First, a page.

Washington, DC – Former Vice President Joe Biden’s proposed U.S. Treasury Department nominees met up with Black Lives Matter (BLM) and other activist groups who are pushing to defund police.
Janet Yellen, Biden’s designee for Treasury Secretary, and Wally Adeyemo, his Deputy Treasury Secretary pick, sat down with “defund the police” movement leaders on Monday, including BLM co-founder Alicia Garza, Working Families Party National Director Maurice Mitchell, and Color of Change President Rashad Robinson, according to FOX News.
Yellen has previously said that Biden’s administration has an “obligation” to “address deeper structural problems” in the United States, including gender and racial inequality, according to the news outlet.
Just one week before Yellen and Adeyemo’s meeting, Biden cautioned another group of civil rights leaders about pushing their “defund the police” agenda too hard prior to the Georgia Senate runoff vote.
“I also don’t think we should get too far ahead ourselves on dealing with police reform in that, because they’ve already labeled us as being ‘defund the police,’” Biden said in leaked recordings from the sit-down, according to FOX News. “Anything we put forward in terms of the organizational structure to change policing – which I promise you, will occur. Promise you.”
“That’s how they beat the living hell out of us across the country, saying that we’re talking about defunding the police,” he added. “We’re not. We’re talking about holding them accountable.”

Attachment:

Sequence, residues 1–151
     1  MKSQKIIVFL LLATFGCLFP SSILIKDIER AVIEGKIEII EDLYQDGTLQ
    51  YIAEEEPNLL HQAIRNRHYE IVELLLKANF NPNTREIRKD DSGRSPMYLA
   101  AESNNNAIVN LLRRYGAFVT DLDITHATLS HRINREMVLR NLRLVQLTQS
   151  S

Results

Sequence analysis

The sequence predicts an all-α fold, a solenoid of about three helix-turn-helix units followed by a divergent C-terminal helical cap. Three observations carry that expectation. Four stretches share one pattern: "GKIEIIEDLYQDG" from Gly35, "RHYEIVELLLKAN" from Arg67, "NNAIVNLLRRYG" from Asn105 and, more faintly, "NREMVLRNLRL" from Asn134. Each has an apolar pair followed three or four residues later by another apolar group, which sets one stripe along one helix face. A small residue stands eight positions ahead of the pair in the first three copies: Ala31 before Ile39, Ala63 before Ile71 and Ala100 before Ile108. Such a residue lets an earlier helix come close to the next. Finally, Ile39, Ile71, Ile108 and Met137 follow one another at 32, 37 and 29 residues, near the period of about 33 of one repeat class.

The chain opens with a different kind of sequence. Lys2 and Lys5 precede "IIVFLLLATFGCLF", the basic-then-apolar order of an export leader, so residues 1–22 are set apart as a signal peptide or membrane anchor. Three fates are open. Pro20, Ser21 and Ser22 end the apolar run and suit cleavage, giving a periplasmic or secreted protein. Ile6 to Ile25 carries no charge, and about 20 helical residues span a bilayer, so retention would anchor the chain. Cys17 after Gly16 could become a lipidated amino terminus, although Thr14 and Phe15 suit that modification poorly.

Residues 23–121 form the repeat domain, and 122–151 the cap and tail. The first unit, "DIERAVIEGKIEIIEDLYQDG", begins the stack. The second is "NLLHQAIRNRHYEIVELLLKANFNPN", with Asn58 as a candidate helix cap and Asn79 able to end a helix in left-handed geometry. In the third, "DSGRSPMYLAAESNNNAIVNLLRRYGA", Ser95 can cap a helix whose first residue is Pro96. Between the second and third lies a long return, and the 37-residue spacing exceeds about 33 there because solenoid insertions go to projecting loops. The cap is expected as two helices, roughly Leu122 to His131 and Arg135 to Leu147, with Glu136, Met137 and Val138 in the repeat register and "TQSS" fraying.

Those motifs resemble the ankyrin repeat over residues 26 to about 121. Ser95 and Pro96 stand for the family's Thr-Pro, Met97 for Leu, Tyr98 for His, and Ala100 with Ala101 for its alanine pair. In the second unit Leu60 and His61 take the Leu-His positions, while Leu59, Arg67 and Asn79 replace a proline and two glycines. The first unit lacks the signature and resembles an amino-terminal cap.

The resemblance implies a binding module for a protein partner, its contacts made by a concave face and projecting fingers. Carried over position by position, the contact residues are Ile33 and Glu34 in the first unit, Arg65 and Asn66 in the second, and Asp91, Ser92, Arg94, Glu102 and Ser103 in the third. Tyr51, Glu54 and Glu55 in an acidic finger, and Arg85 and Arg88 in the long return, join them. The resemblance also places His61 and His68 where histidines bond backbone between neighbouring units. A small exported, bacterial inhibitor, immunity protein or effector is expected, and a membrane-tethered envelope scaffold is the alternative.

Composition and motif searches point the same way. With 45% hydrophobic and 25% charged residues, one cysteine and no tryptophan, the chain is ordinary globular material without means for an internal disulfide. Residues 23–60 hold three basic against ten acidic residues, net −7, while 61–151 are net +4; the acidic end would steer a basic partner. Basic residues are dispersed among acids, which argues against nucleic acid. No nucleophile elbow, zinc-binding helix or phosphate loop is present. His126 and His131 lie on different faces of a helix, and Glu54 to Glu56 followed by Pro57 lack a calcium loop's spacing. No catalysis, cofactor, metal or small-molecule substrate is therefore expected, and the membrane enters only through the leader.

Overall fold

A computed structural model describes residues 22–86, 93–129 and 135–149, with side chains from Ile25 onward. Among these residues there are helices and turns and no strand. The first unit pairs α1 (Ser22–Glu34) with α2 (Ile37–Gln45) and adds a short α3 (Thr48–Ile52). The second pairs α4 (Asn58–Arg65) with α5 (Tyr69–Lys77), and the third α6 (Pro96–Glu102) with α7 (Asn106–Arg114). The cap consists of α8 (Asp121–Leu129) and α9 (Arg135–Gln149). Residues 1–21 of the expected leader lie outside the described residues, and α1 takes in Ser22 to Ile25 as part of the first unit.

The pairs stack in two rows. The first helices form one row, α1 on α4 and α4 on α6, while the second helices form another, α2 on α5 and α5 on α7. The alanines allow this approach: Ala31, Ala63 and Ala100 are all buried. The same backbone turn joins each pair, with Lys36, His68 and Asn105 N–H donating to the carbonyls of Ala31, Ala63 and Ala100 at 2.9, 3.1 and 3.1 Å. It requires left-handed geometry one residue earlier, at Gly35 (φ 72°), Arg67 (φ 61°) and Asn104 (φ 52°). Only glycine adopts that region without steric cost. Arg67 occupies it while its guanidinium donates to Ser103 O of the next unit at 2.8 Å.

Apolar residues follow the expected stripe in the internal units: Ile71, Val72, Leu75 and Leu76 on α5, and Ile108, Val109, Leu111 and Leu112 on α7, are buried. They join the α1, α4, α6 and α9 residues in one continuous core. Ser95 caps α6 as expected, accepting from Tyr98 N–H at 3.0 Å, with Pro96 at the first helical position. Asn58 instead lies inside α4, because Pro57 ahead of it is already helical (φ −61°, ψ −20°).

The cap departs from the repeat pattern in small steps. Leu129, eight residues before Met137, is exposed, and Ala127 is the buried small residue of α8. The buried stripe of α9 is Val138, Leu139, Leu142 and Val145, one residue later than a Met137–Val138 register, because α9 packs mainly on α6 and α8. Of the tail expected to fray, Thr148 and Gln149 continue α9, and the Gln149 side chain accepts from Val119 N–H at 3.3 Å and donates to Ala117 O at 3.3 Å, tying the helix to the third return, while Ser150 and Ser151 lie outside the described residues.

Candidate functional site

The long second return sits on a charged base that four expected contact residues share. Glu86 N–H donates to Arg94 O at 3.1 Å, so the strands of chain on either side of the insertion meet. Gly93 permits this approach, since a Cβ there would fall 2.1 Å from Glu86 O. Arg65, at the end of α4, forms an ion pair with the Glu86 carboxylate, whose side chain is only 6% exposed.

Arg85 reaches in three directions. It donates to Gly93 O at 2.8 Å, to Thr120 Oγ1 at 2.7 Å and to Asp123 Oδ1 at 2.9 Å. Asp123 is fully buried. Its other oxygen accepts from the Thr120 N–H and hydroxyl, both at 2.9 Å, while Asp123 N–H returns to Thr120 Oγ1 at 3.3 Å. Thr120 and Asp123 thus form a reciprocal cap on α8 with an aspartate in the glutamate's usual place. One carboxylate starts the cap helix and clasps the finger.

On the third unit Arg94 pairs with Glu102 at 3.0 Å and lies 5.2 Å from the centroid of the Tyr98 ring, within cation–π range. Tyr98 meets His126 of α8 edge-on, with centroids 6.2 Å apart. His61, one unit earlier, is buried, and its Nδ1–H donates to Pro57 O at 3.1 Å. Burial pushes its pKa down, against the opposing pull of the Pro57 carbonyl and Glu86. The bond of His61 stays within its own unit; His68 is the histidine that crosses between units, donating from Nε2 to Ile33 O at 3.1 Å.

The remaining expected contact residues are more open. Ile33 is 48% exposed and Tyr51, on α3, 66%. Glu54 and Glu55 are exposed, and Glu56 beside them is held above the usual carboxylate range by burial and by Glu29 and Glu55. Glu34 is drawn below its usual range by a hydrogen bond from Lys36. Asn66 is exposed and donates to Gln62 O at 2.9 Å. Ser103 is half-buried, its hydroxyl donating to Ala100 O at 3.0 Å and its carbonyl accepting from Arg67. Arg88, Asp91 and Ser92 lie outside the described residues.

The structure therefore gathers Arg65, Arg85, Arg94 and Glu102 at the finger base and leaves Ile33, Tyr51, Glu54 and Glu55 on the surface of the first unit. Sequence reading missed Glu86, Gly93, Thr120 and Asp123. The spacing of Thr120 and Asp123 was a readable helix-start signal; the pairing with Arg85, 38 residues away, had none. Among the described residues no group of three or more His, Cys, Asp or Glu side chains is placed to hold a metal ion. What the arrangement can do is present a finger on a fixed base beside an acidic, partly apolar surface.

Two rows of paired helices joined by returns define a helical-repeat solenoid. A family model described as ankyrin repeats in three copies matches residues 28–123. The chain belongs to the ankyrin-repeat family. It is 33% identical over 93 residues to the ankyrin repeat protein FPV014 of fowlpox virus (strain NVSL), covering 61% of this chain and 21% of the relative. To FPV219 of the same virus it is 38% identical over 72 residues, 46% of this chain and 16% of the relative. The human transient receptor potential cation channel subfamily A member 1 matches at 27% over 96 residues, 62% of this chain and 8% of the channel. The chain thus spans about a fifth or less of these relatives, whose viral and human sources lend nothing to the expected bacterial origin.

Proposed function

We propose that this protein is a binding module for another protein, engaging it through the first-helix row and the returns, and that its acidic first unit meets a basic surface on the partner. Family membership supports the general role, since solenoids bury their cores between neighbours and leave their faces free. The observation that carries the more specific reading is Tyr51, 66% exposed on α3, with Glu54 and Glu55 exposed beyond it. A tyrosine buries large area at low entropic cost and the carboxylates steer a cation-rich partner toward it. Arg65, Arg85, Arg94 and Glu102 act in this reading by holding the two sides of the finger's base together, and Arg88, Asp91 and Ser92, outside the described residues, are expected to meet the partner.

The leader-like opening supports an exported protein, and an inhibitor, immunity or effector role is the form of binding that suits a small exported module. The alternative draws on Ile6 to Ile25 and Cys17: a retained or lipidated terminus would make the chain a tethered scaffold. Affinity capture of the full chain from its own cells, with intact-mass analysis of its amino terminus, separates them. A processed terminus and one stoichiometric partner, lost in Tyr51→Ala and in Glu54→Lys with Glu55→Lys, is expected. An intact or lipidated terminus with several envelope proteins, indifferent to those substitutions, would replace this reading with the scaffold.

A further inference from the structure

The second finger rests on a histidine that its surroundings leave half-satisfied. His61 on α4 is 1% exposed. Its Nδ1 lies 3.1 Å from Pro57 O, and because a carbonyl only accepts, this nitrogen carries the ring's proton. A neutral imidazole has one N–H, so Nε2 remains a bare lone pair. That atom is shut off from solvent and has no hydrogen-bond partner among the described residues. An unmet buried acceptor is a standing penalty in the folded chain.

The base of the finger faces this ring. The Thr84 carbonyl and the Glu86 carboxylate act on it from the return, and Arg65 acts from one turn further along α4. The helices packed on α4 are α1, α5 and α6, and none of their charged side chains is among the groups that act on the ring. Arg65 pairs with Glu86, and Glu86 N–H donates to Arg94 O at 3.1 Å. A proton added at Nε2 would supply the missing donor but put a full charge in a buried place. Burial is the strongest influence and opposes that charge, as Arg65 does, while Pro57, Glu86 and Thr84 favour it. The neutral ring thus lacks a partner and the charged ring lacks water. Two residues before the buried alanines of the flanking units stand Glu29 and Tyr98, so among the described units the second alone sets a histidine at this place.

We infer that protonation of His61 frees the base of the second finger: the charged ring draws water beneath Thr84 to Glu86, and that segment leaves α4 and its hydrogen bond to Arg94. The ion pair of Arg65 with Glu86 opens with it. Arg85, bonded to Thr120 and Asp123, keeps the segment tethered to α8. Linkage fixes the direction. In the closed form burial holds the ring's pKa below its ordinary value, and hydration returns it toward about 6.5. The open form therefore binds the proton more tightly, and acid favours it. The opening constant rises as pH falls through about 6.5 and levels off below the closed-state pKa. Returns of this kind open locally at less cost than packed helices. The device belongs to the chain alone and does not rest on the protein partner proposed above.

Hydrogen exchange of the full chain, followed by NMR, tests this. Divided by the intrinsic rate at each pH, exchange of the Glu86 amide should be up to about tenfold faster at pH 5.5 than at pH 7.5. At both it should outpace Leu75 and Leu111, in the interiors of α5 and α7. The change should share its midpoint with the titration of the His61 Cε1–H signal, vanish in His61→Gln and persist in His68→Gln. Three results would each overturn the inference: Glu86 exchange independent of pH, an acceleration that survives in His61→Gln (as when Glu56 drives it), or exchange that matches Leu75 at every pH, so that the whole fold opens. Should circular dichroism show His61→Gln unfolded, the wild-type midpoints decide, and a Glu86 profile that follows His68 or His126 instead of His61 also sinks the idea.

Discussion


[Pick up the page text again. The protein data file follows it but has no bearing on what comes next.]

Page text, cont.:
Holding back on calls for police reform until after the Georgia runoff vote could benefit Democrats and the police defunding efforts down the line, he noted.
“Think about how much do we push between now and Jan. 5,” he said, before assuring the group he would be sure to establish a “full-blown commission” to examine police reform once the race was over, according to FOX News.
Notably absent from the Dec. 8 meeting with Biden was BLM, who lashed out after discovering they’d been excluded from the invite list.
“Joe Biden, Kamala Harris, and Rep. Cedric Richmond met with several civil rights groups yesterday,” Black Lives Matter tweeted on Dec. 9. “@blklivesmatter—as the largest social and justice movement in history—was not invited.”
The group credited themselves for having “brought the Biden Harris victory home,” and said they “deserve a seat at the table.”
BLM has been demanding a meeting with Biden and his team ever since the election.
“In short, black people won this election,” BLM co-founder Patrisse Cullors wrote in a Nov. 7 letter to Biden. “Without the resounding support of black people, we would be saddled with a very different electoral outcome.”
“We want something for our vote,” Cullors added. “We want to be heard and our agenda to be prioritized. We issue these expectations not just because black people are the most consistent and reliable voters for Democrats, but also because black people are truly living in crisis in a nation that was built on our subjugation.”
Garza, who has ignored recommendations from Biden and former President Barak Obama to back off on demands to defund the police, ended up landing a seat at the meeting with Adeyemo and Yellen.
“This [defund the police] movement, which really helped to push [Biden’s] campaign over the finish line, was used as a political football all throughout this election cycle and that was true in 2016 as well,” Garza told Politico in a recent interview.